Resistance (to Fraud) Is Futile
M. Martin Boyer ()
Journal of Risk & Insurance, 2007, vol. 74, issue 2, 461-492
This article studies a static principal–agent model of insurance fraud using a costly state verification approach. In an economy where there are two types of agents, the Truths, who always report the true state of the world, and the Dares, who dare misreport the true state of the world, I show that no separating contract exists. Furthermore, if the proportion of Dares is large enough, then the pooling contract, the amount of fraud and the number of agents found to have committed fraud are independent of the Dares' exact proportion in the economy. Finally, I show that investment in prevention can be useless if the proportion of Dares is large enough, which means that investing in prevention becomes a waste of resources. This last result holds when the proportion of Dares is large. When their proportion is small, investing in prevention reduces fraud.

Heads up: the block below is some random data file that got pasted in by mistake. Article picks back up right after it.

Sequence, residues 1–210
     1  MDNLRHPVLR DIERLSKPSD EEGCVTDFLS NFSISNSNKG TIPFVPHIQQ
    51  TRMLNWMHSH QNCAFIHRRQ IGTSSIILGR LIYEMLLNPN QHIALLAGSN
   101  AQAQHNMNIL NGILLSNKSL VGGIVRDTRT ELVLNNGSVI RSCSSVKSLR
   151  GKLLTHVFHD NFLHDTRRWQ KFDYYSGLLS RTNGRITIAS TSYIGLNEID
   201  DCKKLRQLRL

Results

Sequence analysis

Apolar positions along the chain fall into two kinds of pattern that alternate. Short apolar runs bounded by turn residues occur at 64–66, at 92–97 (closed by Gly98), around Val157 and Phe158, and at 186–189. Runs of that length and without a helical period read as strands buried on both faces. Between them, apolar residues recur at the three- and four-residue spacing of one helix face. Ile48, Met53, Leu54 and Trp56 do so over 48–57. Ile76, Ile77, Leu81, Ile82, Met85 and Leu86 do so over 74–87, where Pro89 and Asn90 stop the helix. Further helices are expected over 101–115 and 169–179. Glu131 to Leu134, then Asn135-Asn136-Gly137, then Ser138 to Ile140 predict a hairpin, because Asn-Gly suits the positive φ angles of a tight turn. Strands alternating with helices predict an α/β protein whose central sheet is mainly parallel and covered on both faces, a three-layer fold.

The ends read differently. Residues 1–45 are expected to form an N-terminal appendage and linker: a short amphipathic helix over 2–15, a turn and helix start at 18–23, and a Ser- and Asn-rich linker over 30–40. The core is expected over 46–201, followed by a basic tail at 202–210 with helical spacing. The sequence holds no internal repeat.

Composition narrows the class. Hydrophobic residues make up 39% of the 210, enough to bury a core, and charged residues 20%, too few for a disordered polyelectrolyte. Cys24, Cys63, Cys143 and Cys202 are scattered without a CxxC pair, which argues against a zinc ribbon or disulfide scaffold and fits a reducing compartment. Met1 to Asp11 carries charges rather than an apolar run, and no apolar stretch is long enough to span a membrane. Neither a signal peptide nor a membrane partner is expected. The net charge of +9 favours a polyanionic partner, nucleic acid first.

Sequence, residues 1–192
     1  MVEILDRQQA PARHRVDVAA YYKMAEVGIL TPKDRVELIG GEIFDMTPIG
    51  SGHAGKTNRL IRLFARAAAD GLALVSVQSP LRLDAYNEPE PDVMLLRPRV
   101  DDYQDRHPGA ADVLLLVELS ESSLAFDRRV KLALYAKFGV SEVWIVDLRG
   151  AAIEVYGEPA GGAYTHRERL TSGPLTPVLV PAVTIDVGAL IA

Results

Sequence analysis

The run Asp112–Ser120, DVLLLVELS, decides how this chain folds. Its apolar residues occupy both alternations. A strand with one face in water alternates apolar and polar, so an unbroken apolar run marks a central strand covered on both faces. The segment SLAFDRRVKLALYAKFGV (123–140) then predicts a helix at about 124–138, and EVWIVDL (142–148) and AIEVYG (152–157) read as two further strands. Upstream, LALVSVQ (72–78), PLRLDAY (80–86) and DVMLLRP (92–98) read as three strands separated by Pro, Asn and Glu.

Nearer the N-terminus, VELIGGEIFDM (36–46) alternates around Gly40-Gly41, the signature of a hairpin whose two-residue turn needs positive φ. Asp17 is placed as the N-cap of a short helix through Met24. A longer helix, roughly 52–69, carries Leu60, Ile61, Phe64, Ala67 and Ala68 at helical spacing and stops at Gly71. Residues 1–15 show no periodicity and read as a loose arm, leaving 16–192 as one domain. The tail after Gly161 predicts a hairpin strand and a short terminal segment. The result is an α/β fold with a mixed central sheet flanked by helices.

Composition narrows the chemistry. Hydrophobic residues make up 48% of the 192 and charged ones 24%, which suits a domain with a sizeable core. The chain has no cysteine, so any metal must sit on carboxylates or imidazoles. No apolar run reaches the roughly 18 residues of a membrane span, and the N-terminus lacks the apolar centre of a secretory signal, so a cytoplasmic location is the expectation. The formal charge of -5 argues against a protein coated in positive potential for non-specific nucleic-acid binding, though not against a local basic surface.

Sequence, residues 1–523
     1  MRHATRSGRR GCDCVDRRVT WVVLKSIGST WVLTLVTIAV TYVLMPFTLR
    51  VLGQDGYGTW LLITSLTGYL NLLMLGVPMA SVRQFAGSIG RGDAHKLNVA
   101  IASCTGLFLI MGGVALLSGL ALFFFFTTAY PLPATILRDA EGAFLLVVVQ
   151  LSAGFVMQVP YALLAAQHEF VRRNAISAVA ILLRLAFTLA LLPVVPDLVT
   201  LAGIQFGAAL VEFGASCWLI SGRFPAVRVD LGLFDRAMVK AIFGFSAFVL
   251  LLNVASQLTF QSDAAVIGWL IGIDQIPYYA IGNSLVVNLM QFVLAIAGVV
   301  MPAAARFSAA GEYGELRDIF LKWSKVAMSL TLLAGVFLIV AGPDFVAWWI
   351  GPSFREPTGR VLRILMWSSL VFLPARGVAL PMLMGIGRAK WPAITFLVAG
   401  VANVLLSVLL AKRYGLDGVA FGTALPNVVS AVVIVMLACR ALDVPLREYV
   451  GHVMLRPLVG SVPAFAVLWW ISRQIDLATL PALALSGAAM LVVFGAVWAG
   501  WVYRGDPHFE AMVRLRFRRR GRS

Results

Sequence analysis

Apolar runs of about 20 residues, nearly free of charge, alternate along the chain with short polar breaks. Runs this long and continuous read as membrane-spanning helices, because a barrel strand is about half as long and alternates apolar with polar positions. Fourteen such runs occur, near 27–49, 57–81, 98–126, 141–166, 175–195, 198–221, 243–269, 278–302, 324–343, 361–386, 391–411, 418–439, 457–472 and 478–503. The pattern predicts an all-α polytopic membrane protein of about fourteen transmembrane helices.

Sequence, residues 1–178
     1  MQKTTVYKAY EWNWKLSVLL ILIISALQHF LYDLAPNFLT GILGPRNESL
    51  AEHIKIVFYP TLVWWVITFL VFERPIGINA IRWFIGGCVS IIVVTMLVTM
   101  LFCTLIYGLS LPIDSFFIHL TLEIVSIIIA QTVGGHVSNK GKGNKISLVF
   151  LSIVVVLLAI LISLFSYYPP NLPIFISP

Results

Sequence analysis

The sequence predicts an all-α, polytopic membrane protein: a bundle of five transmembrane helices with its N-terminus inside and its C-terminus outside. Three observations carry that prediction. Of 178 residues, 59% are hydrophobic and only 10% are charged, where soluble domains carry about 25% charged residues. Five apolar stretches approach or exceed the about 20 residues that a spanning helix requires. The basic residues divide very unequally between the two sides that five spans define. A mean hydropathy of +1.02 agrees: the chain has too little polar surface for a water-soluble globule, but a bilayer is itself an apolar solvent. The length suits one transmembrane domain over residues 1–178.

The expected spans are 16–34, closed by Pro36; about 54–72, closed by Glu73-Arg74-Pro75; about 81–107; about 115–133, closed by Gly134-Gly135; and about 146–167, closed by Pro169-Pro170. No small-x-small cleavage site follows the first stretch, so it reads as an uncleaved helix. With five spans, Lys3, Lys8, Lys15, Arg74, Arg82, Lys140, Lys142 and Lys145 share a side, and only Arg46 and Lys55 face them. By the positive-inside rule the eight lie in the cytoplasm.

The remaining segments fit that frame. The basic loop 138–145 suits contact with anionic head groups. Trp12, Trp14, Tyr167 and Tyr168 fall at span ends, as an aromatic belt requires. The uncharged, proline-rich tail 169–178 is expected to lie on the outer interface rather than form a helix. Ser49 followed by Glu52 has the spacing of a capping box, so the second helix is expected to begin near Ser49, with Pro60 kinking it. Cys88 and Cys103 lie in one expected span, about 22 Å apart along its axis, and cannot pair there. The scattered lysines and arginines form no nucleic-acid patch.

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Persistent link: https://EconPapers.repec.org/RePEc:bla:jrinsu:v:74:y:2007:i:2:p:461-492
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